A young Jake "the Snake" Roberts was a prime heel in the promotion. Here he bulls Brad Armstrong into the corner trying to set up the infamous DDT. In this scene he angrily confronts Terry Taylor who was about to have a Belt vs. Belt match, putting up his TV Title against the North American Championship of a very young Ted Dibiasi. Dibiasi dominated the contest and seemed to have the match well in hand. Suddenly Roberts ran-in and tried to interfere and inadvertently helped Taylor to get the pin! Taylor celebrates with both Titles while Dibiasi tears his hair.

UWF Tag Team Champs Terry Taylor and Chris Adams took on the heel team of Sting and Rick Steiner. Here Taylor drops Steiner on his head. "Gentleman" Chris Adams, the originator of "Sweet Chin Music" plants a Super-Kick on the chin of Sting, who rolls out into the waiting arms of his mentor "Hot Stuff" Eddie Gilbert (note Steiner in the background of this shot). As Adams attempts to suplex Sting back into the ring Gilbert reaches in right between Taylor's legs and trips Adams up. The stunned Adams is pinned by his opponent as his partner Taylor fights on seemingly oblivious. After the match, Gilbert's First Family celebrates their victory as Adams is trying to figure out what happened...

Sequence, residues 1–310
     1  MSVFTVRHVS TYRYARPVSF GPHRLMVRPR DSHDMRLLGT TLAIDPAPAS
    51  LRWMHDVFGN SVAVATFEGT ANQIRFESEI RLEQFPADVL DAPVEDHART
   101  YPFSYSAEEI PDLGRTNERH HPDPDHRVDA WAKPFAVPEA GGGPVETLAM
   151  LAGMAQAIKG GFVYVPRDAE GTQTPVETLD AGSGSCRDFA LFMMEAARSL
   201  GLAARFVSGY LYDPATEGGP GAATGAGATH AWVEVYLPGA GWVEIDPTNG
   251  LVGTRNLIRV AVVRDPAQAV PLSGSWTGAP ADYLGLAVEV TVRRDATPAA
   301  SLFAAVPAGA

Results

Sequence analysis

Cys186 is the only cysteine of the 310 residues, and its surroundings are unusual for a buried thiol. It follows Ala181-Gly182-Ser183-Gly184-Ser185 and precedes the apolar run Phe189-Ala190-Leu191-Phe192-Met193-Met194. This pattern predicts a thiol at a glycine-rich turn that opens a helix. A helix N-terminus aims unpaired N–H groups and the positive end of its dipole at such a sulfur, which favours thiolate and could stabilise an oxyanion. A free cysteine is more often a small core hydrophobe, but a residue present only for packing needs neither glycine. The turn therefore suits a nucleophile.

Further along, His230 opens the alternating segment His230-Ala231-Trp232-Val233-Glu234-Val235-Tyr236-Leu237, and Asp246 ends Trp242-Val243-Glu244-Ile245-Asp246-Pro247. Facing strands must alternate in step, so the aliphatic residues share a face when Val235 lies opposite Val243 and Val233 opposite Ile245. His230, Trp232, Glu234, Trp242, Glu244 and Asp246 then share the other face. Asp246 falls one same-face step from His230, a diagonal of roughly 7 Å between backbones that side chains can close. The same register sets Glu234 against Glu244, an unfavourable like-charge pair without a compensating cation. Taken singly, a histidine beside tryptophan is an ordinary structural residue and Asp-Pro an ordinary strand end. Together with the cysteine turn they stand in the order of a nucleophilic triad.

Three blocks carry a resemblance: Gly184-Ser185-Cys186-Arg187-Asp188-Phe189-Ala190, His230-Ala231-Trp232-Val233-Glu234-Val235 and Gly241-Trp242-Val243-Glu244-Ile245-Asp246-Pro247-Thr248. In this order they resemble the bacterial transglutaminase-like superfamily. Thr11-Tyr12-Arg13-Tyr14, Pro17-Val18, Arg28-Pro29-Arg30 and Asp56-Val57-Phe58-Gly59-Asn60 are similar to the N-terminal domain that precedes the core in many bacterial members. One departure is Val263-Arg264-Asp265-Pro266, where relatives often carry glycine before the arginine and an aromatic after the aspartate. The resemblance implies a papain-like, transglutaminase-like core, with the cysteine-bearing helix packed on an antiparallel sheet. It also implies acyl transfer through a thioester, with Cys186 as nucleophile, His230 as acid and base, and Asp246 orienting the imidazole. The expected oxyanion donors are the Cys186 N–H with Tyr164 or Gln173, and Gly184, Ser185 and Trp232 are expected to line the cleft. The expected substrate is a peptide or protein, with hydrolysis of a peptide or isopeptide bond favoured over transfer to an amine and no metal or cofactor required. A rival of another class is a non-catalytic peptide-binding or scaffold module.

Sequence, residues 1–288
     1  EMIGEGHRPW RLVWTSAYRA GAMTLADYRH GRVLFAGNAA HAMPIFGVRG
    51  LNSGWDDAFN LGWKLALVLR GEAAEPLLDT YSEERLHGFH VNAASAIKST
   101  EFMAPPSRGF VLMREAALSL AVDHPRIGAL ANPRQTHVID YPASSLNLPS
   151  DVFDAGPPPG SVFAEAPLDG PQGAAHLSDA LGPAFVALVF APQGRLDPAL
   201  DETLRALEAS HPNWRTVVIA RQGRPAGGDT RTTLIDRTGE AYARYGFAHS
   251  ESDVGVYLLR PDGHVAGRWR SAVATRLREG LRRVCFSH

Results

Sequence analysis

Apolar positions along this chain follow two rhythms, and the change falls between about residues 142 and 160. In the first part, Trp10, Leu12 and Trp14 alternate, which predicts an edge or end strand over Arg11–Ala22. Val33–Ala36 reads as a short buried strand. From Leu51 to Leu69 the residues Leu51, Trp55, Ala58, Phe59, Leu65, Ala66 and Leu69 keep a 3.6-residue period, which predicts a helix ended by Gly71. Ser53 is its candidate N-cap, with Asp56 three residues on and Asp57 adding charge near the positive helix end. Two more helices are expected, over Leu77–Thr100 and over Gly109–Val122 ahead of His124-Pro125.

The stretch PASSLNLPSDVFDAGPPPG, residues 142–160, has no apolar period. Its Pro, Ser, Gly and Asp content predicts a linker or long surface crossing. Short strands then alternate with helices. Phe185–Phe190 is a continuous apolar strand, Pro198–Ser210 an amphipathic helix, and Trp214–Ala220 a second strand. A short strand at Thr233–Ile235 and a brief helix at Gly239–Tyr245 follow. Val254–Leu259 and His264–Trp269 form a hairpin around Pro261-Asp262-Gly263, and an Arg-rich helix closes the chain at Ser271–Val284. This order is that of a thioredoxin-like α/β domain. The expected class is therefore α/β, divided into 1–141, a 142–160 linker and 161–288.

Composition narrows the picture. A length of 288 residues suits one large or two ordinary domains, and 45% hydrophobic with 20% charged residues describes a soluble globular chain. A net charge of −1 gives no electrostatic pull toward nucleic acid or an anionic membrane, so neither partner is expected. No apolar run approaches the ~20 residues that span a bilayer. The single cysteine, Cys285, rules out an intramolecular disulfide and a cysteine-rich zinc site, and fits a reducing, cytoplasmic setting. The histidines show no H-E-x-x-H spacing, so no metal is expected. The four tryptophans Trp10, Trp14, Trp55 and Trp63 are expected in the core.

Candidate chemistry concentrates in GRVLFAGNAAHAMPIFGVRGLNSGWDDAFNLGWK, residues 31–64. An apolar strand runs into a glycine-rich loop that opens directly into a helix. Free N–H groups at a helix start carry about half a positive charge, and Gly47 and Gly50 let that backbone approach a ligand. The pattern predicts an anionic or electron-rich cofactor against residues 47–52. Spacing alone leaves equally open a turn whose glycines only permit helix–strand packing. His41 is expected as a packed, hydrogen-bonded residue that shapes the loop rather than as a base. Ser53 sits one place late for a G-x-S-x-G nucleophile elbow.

Here's another scene from the match depicted in the image above. The Lightning Express, shows off some of their teamwork to the detriment of a downed Tiger Conway as "Shaska" Whatley looks on. They later held the UWF World Tag Team Titles.

Things had a tendancy to change quickly in the UWF. Here a young Shane Douglas menaces the now villianous Terry Taylor.

Meanwhile Sting has undergone his own transformation. Here he battles his former partners Eddie Gilbert and Rick . The then newest member of the First Family Gary Hart (not the manager by the same name - he later changed his name to "Gary Young" to avoid such confusion) decides to get involved and gets whupped upside his head.

The first UWF World Champion was Terry "Bam Bam" Gordy of the Fabulous Freebirds. He won the Title in May of 1986 in a Tournament final against Hacksaw Jim Duggan and held it for six months. In November of that year The One Man Gang won the Title by forfeit after Gordy was injured in an auto accident. The Gang was later challanged by former ally Big Bubba Rogers. Their manager, Skandor Akbar, had decided to depose his own champion because he felt that the gang had gone soft. Akbar had aquired Bubba's services from Jim Cornette especially for this purpose. Rogers went right to work on his dissillusioned former partner and defeated him handily. Dr. Death Steve Williams defeated Bubba in July of 1987 to become the final UWF Champ before the promotion was absorbed into the NWA in December of that year.

Check out Early Wrestling on TV and Solie's Classic Wrestling Images
The Illustrated History of the Four Horsemen

Back to the Main page This page is a personal tribute and is in no way connected to any of the wrestling promotions mentioned on it. It is dedicated to the Dean of Wrestling announcers, Gordon Solie.

Copyright 2005 Jump City Productions